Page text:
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Furniture Forecast From BDO Seidman - June 2005 - News Better Than Expected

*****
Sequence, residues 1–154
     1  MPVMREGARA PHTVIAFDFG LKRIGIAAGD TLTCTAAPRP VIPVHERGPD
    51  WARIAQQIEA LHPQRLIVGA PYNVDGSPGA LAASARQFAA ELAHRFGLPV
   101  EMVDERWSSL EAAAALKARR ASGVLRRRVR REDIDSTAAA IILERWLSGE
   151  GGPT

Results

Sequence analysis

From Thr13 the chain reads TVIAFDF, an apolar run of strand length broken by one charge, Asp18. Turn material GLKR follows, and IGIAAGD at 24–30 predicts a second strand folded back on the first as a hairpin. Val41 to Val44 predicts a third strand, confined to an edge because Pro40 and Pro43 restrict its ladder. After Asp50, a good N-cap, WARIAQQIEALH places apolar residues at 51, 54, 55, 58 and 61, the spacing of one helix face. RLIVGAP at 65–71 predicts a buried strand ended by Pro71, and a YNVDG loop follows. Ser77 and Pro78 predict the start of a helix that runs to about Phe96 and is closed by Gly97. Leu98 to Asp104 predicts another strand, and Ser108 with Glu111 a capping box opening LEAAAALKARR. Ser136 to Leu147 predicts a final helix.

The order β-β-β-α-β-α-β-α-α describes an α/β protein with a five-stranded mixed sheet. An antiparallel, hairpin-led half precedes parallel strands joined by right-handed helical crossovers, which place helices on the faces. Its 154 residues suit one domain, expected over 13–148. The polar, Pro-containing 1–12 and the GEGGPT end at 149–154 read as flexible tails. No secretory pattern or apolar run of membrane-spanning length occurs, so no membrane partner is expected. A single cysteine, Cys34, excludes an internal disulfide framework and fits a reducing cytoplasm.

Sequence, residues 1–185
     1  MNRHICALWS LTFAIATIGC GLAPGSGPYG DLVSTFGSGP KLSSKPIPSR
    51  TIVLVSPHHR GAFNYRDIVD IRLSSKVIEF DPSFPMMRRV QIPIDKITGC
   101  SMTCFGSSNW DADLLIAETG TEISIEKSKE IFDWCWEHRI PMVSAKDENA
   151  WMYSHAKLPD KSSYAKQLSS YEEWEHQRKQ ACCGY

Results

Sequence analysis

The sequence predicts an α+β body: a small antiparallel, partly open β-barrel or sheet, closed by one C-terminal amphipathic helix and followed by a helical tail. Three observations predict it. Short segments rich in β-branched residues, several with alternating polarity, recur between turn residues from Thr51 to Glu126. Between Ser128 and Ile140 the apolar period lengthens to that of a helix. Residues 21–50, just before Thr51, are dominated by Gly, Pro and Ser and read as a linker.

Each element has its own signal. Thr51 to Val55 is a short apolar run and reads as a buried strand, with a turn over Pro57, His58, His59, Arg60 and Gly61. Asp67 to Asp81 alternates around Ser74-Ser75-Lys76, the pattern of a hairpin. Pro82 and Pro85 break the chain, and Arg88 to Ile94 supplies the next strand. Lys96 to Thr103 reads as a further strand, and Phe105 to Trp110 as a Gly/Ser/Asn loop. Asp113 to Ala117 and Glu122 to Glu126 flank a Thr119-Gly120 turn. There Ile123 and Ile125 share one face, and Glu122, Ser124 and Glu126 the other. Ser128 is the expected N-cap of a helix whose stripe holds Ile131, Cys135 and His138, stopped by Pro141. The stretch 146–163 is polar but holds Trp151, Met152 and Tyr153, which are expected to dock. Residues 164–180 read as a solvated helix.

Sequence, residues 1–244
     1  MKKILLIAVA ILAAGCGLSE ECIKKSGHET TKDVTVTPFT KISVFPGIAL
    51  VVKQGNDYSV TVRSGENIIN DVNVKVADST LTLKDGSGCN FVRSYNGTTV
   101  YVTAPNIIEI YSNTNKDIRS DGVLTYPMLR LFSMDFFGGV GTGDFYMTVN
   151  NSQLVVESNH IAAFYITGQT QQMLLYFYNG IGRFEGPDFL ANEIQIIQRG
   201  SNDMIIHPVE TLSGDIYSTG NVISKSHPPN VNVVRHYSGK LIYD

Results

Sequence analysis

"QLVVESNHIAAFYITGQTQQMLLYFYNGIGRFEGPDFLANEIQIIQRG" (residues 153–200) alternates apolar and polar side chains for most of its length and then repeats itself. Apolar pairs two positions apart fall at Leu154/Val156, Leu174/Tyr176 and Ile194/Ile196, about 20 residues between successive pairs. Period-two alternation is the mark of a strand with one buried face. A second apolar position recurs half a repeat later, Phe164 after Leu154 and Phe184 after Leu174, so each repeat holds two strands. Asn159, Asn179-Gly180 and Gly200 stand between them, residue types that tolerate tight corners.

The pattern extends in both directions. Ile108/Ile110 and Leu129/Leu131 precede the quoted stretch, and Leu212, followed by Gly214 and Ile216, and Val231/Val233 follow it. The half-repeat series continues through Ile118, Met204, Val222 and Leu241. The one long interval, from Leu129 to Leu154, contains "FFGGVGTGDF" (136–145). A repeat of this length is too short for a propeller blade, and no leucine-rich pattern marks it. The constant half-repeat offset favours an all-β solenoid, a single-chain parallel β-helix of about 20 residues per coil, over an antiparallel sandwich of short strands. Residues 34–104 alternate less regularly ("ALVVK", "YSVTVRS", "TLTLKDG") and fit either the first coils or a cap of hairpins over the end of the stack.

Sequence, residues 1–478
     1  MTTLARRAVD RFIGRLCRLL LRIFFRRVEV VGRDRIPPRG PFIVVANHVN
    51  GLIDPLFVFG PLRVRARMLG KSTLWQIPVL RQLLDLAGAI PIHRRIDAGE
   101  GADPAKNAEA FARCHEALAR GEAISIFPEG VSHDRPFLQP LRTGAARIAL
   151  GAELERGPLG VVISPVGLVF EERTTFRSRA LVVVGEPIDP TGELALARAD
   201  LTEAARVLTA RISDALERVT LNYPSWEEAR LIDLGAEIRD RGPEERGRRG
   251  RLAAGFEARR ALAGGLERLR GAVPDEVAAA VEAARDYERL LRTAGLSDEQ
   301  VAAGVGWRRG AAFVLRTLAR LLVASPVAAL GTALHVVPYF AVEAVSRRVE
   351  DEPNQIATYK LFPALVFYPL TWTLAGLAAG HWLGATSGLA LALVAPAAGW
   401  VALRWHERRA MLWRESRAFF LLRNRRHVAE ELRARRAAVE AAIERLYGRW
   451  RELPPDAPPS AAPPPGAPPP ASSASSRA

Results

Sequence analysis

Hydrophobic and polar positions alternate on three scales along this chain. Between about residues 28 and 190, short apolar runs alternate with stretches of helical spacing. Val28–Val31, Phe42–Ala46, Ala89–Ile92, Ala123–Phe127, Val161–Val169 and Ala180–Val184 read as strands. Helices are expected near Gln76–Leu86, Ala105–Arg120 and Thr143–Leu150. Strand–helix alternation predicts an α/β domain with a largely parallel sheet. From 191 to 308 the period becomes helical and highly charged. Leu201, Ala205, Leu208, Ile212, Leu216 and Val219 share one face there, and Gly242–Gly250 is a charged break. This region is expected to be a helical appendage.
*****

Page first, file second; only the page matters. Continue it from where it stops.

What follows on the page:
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Furniture Insights/ Monthly Forecaster from BDO Seidman June 2005 Monthly Forecaster New Orders. According to our most recent survey of residential furniture manufacturers, new orders in April 2005 increased 9 percent over April 2004. The April 2004 orders were 2 percent higher than April 2003 results. April marked the second consecutive month of increases following two months of declining order rates in January and February. Year-to-date, new orders are now up 2 percent over last year’s first four months, after being basically flat for the first quarter. Some 53 percent of the participants reported increases in orders in April with some reporting significant double digit increases. The other good news was that the 53 percent of participants reporting an increase, was up from 45 percent in March and 38 percent in February. Year-to-date, 41 percent of the participants have reported increases in new orders. Shipments and Backlogs. In April 2005, shipments increased 5 percent over April 2004. Year-to-date, shipments increased 4 percent over the first four months of last year, the same as the results through March 2005. Similar to new orders, 53 percent of the participants reported an increase in shipments. This compared to only 40 percent of the participants reporting an increase in March. Year-to-date, almost half the participants have reported an increase in shipments. Backlogs were slightly ahead of last year’s April levels. Backlogs fell slightly from March levels. Receivables and Inventories. Receivables were up 3 percent over April 2004 levels, very much in line or even better than expected. With shipments up 5 percent over last April and year-to-date shipments up 4 percent, the 3 percent increase in April indicated that receivables levels are in good shape for most companies. Inventories were 6 percent higher in April 2005 than April 2004 levels. This increase compared to a March increase of 8 percent. The April results make inventory levels somewhat more in line with order rates, especially considering some increases being created on purpose to better service customers. Payrolls and Employment. Factory payrolls increased 2 percent over April 2004 levels and remained 1 percent higher year-to-date. The number of factory employees fell 4 percent from last April, but were even with March. The 4 percent decline in April compares to a 6 percent decline comparing March 2005 to March 2004. We believe that most companies are continuing to adjust the number of factory employees to what they believe their domestic production levels need. Most appear to continually adjust their domestic and import balance. National The final report from the Bureau of Economic Analysis indicated that the Gross Domestic Product (GDP) — the output of goods and services produced by labor and property located in the U.S. — increased at an annual rate of 3.8 percent in the first quarter of 2005. This increase compares to the 3.8 percent increase in the fourth quarter. Preliminary estimates indicated a growth rate of 3.1 percent. The major contributors to the increase in GDP in the first quarter were personal consumption expenditures (PCE), exports, private inventory investment, residential fixed investment and equipment and software. Imports, which are a subtraction in the calculation of GDP, increased. Compared to the fourth quarter increase in GDP, acceleration in exports, residential fixed investment and private inventory investments and a deceleration in imports were offset somewhat by deceleration in equipment and software and in PCE. Economic Indicators The Conference Board announced that in May, the U.S. leading index decreased 0.5 percent, while the coincident index increased 0.2 percent and the lagging index increased 0.3 percent. The leading index fell after a revised no change in April. The leading index has now declined at a 2.2 percent annual rate over the last six months and has dropped 1.9 percent over the last twelve months. Only one of the ten indicators increased in May — that being stock prices. The negative contributors were led by interest rate spread, average weekly initial claims for unemployment (inverted), building permits and vendor performance. All four indicators in the coincident index increased in May. The gains were led by industrial production and personal income. During the six months period ended in May, the coincident index increased 1.1 percent. Consumer Confidence The Conference Board’s Consumer Confidence Index, which had increased in May, increased again in June. This followed two months of declines. The Index stood at 105.8 in June, up from 103.1 in May and 97.7 in April. The Present Situation Index increased to 120.7 from 117.8. The Expectations Index rose to 95.8 from 93.4 last month. The June results marked a three-year high for the Index. Lynn Franco, Director of the Conference Board’s Consumer Research Center said, “The improvement in consumers’ mood suggests that business activity and labor market activity will continue to pick up over the next several months. And, with consumers in better spirits, and job concerns remaining relatively steady, there is little reason to expect a dramatic shift in consumer spending.” The report indicated that for the first time in nearly three years, the percentage of consumers saying jobs are “hard to get” does not exceed the percentage saying jobs are “plentiful.” Housing Sales of existing homes were at the second highest pace on record in May. Total existing home sales—including single family, townhouses, condominiums and co-ops fell to a seasonal adjusted rate of 7.13 million down slightly from the record pace of 7.18 million set in April. Sales were 3.5 percent above the May 2004 levels. David Lereah, NAR’s chief economist, said, “Most of the stars continue to be correctly aligned for the housing market. An ongoing problem is the tight supply of homes available for sale, which is pushing gains in home prices.” The national median existing home price for all housing types was $207,000 in May, up 12.5 percent over the May 2004 median of $184,000. Sales of new one-family houses in May 2005 were at a seasonally adjusted annual rate of 1,298,000 according to the U.S. Census Bureau. This was 2.1 percent above the revised April rate of 1,271,000 and 4.4 percent higher than May 2004. The median price of new homes sales was $217,000 in May. Interestingly, sales of new homes in May were down 28.2 percent from May 2004 in the Northeast while sales were up 28.2 percent in the Mid-west. Sales were up 3.8 percent the South and up 0.8 percent in the West. Privately-owned housing starts were at a seasonally adjusted annual rate of 2,009,000. This was 0.2 percent above the revised April estimate and 1.8 percent above the May 2004 rate. Single-family housing starts were up 4.7 percent above April. Employment Non-farm employment increased 78,000 in May after an increase of 274,000 in April. The unemployment rate dropped to 5.1 percent from 5.2 percent last month. The growth in jobs was primarily in health care and construction, but was little changed in most other industry sectors. The number of unemployed persons in May was 7.6 million versus 7.7 million in April. Retail Sales and Consumer Prices According to the U.S. Census Bureau, advance estimates of U.S. retail and food services sales for May indicated a decrease of 0.5 percent from April, but increased 6.4 percent over May 2004. Total sales for March through May were up 7.1 percent from the same period a year ago. Retail trade sales declined 0.5 percent from April, but were 6.3 percent ahead of May 2004. Gasoline station sales were up 13.4 percent from May 2004 and sales of non-store retailers were up 11.9 percent from last year. Sales at retail furniture and home furnishings stores were up 0.3 percent over April on a seasonally adjusted basis and were up 7 percent over last May. Year-to-date, sales at these stores were up a reported 3.7 percent for the five months. The Consumer Price Index for All Urban Consumers (CPI-U) decreased 0.1 percent in May, before and after seasonal adjustment. This followed a 0.5 percent increase in April. Energy costs, which were up sharply in the previous three months, declined 2 percent in May, but that will likely change in June. The index for food rose 0.1 percent following a 0.7 percent increase in April. The index for all items, less food and energy, increased 0.1 percent in May after no substantial change in April. Durable Goods Orders and Factory Shipments Advanced reports from the U.S. Census Bureau indicated that new orders for manufactured durable goods increased 5.5 percent in May. This followed a 1.4 percent increase in April. Excluding transportation, new orders decreased 0.2 percent. Excluding defense, new orders increased 5.3 percent. Transportation equipment increased 21.2 percent. This was led by non-defense aircraft and parts. Shipments of manufactured durable goods decreased 0.2 percent in May following two months of increases. Transportation equipment was down 1 percent. According to this report, new orders for furniture and related products increased 5.5 percent over last April. Year-to-date, new orders were up 8.2 percent. Shipments of these products were up in April 11.8 percent over last April and increased 9.9 percent year-to-date. Summary The results for April were somewhat better than expected. With orders continuing to show growth, following a reasonably decent growth year in 2004, business seems to be decent. Most people we talk to describe business as “o.k.,” but certainly not great. With retail growth somewhat steady, a major factor for most manufacturers is getting your share. Since the industry is somewhat over capacitied, getting “your share” is not all that easy. As we noted earlier, the growth this year is not happening across the board. Our survey continues to have very wide swings on a monthly and year-to-date basis for our participants. The good news is that the percentage of participants showing growth has been growing. That certainly needs to continue. The improvement in consumer confidence was really good news especially in light of higher gas prices. With the housing market strong, the best chance for furniture sales seems to be when confidence is high. We hope these levels can continue to grow. Our annual operating statistics survey and outlook for the rest of 2005 and 2006 has just been completed. Overall the survey indicated a slight decline in operating profits in 2004 after a 1.4 percent decline the previous year. For participants who participated in both years’ surveys, the decline for 2004 was more severe. We expect growth in shipments in 2005 to be in the 3 to 4 percent range. For 2006, the growth rate in shipments is projected at about 1 percent. We hope those are conservative projections. If consumer confidence will hold for a while, they may very well be conservative. Indicators FAVORABLE: Consumer Confidence, Existing Home Sales, Housing Starts, Consumer Spending, New Home Sales Retail Sales, Unemployment, Automobile Sales,Capital Outlays, Durable Goods Orders, Factory Shipments. UNFAVORABLE: Consumer Prices,Consumer Debt, Producer Prices, Interest Rates. About BDO Seidman: BDO Seidman, LLP is a national professional services firm providing assurance, tax, financial advisory and consulting services to private and publicly traded businesses. For more than 90 years, the company has provided quality service and leadership through the active involvement of our most experienced and committed professionals. BDO Seidman serves clients through more than 35 offices and 250 independent alliance firm locations nationwide. Their Furniture Industry Services practice publishes Furniture Insights®. For more information go to http://www.bdo.com.